The 5 Worst Live-Action Anime Movies

Most live-action anime movies are just disappointing. These live-action anime movies are downright terrible!
The 5 Worst Live-Action Anime Movies

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With anime series and anime movies growing in mainstream popularity, we're seeing more and more live-action anime adaptations. In particular, live-action anime movies.

On the surface, live-action anime movies are pretty exciting. The promise of seeing real actors and actresses portraying the characters and stories that we've come to love? There's something magical about animated media truly coming to life.

But the reality of live-action anime movies is that they're often disappointing. Whether production companies stick to a faithful adaptation or take creative liberties in playing with the story elements, they can never really live up to viewer expectations.

If they make any changes, it's called "bastardized." And most of the time, changes are necessary—it's simply not possible to adapt a full anime series into a live-action anime movie without cutting bits. But if they recreate the anime beat by beat, it's deemed "unnecessary."

But beneath all of that are live-action anime movies that are just plain bad. Maybe the director didn't understand the heart of the source material. Maybe the CGI or acting is distractingly subpar. Maybe it was clearly butchered to appeal to a new audience.

Here are some of the worst live-action anime movie adaptations that spit on the original anime series they're based on.

The Last Airbender isn't on this list because the source material isn't "technically" an anime series. Rest assured that if it was, it'd be featured on our list for sure!

5. Parasyte: The Maxim

Parasyte: The Maxim has been adapted into two live-action movies, aptly named Parasyte Part 1 and Parasyte Part 2.

Though both movies exceeded audience expectations with their CGI and willingness to cover most of the series' important plot points, the overall story skipped a lot of the thrilling scenes from the anime, including some important fights.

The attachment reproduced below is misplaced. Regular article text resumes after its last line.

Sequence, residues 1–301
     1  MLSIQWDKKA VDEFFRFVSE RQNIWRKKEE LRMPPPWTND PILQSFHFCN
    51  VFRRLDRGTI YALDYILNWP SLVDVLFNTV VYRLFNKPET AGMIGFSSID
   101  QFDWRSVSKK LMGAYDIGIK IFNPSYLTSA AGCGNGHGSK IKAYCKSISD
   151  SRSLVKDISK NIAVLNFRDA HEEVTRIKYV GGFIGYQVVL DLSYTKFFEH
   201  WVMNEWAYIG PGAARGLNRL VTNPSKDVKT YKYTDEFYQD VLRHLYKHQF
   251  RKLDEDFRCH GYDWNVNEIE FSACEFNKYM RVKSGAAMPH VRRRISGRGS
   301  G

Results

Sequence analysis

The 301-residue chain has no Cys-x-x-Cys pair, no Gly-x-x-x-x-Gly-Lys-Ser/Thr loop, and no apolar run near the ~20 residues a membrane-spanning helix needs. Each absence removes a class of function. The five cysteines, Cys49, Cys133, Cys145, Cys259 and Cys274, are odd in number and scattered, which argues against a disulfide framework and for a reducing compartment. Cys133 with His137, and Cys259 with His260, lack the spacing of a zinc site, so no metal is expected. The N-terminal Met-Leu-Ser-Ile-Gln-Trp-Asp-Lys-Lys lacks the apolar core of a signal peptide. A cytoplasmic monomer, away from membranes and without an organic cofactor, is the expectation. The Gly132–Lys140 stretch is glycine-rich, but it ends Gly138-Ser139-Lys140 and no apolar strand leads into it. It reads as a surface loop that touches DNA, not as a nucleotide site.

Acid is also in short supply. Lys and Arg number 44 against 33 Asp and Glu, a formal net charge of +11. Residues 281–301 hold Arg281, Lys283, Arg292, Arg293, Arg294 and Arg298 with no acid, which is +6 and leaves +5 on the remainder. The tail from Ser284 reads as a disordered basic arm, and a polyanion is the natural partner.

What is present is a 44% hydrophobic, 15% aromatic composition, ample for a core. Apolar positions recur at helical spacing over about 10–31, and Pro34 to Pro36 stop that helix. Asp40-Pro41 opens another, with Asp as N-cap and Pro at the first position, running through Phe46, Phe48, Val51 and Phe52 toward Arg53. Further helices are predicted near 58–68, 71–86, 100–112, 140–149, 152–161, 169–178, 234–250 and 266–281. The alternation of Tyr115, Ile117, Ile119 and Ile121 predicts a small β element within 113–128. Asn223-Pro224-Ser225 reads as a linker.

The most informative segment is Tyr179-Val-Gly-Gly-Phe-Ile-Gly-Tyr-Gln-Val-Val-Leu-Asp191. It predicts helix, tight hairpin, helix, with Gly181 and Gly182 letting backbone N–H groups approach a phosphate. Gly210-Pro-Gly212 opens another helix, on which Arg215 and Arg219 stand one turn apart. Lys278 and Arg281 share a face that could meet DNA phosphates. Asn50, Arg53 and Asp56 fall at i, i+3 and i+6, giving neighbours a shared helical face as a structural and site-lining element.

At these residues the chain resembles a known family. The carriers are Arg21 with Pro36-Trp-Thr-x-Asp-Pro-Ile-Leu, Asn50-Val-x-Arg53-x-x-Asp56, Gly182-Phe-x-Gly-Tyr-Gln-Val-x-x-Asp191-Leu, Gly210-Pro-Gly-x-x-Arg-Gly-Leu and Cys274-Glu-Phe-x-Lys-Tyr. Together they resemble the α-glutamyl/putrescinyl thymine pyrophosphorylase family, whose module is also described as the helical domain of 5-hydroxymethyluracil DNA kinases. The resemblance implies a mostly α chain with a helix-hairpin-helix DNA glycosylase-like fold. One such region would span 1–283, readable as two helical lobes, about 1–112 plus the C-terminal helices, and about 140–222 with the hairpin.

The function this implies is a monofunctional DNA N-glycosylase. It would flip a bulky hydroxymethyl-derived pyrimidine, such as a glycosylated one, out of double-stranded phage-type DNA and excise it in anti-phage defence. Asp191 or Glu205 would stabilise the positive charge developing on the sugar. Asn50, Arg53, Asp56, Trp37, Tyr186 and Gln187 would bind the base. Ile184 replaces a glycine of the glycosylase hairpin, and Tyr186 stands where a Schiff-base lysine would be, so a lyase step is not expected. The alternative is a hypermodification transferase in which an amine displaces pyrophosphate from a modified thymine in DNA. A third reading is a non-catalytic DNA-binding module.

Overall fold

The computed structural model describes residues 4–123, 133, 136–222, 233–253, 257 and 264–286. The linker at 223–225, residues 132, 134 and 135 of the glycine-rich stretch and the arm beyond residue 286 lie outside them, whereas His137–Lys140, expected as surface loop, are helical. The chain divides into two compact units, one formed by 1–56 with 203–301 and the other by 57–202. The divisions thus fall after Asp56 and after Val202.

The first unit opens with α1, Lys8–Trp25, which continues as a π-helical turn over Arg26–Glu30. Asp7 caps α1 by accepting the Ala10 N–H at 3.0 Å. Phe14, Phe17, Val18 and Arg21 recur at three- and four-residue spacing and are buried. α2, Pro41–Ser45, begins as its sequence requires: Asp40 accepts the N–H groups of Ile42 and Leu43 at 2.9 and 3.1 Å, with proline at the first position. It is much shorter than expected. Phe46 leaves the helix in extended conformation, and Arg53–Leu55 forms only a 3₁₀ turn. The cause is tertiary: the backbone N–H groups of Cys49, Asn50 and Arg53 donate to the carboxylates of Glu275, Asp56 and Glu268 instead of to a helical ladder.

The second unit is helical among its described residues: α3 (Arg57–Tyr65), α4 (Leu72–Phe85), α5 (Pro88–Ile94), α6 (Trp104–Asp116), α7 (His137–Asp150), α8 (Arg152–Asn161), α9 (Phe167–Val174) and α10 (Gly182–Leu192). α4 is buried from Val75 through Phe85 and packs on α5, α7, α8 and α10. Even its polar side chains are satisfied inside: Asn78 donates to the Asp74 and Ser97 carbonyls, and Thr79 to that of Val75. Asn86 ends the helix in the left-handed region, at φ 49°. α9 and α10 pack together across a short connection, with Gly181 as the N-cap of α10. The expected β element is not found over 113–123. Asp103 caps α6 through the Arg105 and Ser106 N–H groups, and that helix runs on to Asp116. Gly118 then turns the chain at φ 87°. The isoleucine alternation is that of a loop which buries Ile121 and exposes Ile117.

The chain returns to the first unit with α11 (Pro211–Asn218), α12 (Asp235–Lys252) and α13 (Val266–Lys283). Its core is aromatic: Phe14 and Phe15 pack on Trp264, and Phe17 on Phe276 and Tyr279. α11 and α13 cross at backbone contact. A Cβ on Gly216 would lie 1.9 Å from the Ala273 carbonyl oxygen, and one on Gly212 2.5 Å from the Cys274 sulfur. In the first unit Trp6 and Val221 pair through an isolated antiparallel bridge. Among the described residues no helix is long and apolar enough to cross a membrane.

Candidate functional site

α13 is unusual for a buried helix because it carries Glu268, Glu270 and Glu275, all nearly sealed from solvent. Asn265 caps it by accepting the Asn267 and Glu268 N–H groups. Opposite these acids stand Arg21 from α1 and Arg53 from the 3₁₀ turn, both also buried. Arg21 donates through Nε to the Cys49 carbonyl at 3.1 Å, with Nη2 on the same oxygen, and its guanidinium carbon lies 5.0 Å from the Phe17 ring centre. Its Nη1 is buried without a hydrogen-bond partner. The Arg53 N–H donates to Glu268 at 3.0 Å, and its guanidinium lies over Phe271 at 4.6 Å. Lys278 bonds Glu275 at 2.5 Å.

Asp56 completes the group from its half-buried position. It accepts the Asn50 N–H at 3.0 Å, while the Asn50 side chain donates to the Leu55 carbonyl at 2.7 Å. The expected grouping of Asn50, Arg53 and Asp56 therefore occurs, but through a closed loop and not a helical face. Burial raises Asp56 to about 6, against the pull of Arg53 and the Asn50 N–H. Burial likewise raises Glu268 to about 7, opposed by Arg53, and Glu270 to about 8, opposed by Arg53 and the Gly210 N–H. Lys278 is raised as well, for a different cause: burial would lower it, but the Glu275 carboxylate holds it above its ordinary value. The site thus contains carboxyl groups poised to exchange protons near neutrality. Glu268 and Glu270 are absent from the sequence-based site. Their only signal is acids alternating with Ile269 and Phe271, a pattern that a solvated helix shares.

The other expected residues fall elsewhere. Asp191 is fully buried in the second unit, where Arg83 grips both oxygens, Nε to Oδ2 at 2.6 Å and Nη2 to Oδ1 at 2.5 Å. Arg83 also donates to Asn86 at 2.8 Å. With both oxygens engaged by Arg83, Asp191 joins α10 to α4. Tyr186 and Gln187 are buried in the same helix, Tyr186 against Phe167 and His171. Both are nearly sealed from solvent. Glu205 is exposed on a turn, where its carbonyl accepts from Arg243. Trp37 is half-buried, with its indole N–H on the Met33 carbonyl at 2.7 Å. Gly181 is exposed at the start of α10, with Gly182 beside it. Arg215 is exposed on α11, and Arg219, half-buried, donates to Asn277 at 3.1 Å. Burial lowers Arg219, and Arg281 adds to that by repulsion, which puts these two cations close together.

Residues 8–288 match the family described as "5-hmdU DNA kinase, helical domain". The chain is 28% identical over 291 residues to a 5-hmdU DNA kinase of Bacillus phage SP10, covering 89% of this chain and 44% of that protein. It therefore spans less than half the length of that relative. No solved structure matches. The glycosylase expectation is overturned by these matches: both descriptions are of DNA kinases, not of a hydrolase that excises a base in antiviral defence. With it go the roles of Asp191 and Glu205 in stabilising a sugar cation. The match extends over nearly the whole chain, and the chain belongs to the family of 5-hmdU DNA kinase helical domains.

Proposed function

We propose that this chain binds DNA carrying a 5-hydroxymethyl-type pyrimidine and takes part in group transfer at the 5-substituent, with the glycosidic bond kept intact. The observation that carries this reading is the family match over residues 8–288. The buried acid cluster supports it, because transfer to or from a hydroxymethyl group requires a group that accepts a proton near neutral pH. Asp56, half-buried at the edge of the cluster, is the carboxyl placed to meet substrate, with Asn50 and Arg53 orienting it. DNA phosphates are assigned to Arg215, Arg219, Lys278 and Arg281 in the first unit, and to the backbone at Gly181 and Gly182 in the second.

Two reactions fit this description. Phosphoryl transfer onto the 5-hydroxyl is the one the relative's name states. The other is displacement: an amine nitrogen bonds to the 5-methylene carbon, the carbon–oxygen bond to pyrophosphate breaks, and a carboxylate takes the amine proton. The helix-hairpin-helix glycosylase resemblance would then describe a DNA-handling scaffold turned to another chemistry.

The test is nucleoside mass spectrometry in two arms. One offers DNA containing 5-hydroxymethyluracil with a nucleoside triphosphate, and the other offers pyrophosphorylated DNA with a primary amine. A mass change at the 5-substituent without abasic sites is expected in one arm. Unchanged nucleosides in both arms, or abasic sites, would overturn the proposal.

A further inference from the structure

The protagonist Shinichi Izumi and his parasyte partner Migi both lost their badass looks from the anime when Shinichi was killed by his mother (as a parasyte) and brought back to life by Migi.

On the other hand, both the baseball throw (anime) and the arrow (live-action) scenes where they kill a parasyte that invades their school were cool, but most viewers still prefer the anime scene.

4. Attack on Titan

Attack on Titan is a fantastic anime series worth watching, centering on the last surviving human stronghold and their battle against giant humanoid Titans who manage to breach the walls of their city.

The live-action adaptation of Attack on Titan is surprisingly faithful to the anime as far as looks and appearances go, but the live-action movie butchers the characters with out-of-character moments.

Some of the important characters have motives they shouldn't have, leading to scenes and beats that make no sense if you've never seen the anime or read the manga. And if you have? The characters' actions are even more perplexing.

Another thing is that the movie makes the already brutal scenes even more stomach-churning, as the depictions of Titans eating humans feel more real in person. The amount of body horror may be too much for some viewers, and you may even regret watching it.

3. Full Metal Alchemist

Full Metal Alchemist: Brotherhood is one of the best anime series of all time, featuring an epic-scale story that blends elements of magic with physics. It follows the Elric brothers who are on a mission to bring their bodies back using the Philosopher's Stone.

As for the live-action anime movie on Netflix? It has surprisingly good graphics, but the amount of plot covered is so tiny that it never reaches any of the cool sequences.

The movie also shafted the villain's time in the limelight and didn't give him a proper introduction, leading to weaker motivations and a less nuanced take on his actions. Instead of the anime series' deeper characterization, we get a flat villain.

2. Death Note

There have actually been two live-action adaptations of the Death Note anime series: the 2006 version directed by Shusuke Kaneko, and the 2017 version directed by Adam Wingard and released on Netflix.

Netflix's live-action adaptation of Death Note is atrocious, especially when compared to the earlier one. Nearly everything is different.

Not only did Wingard's Death Note change the actual rules of the Death Note itself, but it also altered key plot points and story beats. The excitement and thrills that come from Light using the Death Note? None of that's there. It's completely ruined.

Furthermore, the personalities of the two main characters—Light and L—are different in this Death Note live-action movie. With L showing up in public and goading Kyra to kill him, it's clear that the director completely misunderstood L's composed and strategic mind.

1. Dragonball Evolution

Dragon Ball Z is one of the most "legendary" anime series of all time. It follows the adventures of Son Goku and his friends as they save Earth from various villains. The show is packed with martial arts goodness, planet-shaking powers, and mythical dragons that grant wishes.

But the live-action anime movie Dragonball Evolution mutilates the spirit of the show to the point it's no longer recognizable. It lacks the heart, the energy, and the care of the original anime series.

The story and characters in Dragonball Evolution are so divergent from the source material that it truly bears no resemblance other than the title, some character names and designs, and the Kamehameha.